holders of this information to make trades based on it, however received.
transaction carried out between two units of the same corporation.
internal accounting controls
Refers to forms used and procedures
established by a business—beyond what would be required for the
record-keeping function of accounting—that are designed to prevent
errors and fraud. Two examples of internal controls are (1) requiring a
second signature by someone higher in the organization to approve a
transaction in excess of a certain dollar amount and (2) giving customers
printed receipts as proof of sale. Other examples of internal
control procedures are restricting entry and exit routes of employees,
requiring all employees to take their vacations and assigning another
person to do their jobs while they are away, surveillance cameras, surprise
counts of cash and inventory, and rotation of duties. Internal controls
should be cost-effective; the cost of a control should be less than
the potential loss that is prevented. The guiding principle for designing
internal accounting controls is to deter and detect errors and dishonesty.
The best internal controls in the world cannot prevent most fraud
by high-level managers who take advantage of their positions of trust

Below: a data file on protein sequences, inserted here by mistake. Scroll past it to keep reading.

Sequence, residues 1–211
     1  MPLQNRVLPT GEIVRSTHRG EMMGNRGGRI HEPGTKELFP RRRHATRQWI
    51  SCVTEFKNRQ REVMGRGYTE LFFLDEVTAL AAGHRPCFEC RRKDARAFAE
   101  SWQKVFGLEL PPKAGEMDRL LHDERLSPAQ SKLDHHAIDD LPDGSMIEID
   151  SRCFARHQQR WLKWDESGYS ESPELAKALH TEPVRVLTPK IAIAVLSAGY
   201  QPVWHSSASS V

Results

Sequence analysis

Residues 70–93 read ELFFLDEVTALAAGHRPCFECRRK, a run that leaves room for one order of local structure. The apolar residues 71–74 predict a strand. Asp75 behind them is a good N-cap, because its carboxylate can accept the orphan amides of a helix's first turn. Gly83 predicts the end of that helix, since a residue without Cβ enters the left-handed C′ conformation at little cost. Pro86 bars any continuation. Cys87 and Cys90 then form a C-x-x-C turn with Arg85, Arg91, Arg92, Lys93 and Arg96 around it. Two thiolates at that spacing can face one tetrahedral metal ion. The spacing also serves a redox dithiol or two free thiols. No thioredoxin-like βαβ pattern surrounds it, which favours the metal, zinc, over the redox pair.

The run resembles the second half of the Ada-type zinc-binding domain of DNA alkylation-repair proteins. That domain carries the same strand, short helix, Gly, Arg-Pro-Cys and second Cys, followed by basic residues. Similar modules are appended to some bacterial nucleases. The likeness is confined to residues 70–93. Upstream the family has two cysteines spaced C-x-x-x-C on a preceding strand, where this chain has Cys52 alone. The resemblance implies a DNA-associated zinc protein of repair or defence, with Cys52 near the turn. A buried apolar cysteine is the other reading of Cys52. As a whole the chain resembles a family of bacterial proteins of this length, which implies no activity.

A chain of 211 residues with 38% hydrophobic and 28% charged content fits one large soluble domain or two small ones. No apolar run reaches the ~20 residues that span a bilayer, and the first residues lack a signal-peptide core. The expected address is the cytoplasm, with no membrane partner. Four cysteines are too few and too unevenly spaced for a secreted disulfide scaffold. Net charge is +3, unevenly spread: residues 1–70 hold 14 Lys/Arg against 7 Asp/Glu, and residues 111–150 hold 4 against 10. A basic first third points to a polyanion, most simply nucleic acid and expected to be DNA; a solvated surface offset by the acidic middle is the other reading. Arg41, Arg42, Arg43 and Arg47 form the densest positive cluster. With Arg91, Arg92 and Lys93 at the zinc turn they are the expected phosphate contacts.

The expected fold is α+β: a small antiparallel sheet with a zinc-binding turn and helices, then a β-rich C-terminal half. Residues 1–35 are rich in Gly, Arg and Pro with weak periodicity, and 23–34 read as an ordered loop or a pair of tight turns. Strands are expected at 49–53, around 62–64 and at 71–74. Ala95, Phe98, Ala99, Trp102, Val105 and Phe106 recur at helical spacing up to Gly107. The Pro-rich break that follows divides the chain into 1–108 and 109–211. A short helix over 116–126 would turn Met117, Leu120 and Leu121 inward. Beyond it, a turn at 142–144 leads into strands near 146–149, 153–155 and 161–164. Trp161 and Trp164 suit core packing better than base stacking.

Statistical assumptions about the behavior of security prices. For
details, see the book by Hull listed in the “Bibliography”.
a manufacturing process that simultaneously
produces more than one product line
joint product one of the primary outputs of a joint process;
each joint product individually has substantial revenuegenerating
The production of financial and non-financial information used in planning for the future; making decisions about products, services, prices and what costs to incur; and ensuring that plans are implemented and achieved.
a discipline that includes almost
all manipulations of financial information for use by managers
in performing their organizational functions and in
assuring the proper use and handling of an entity’s resources;
it includes the discipline of cost accounting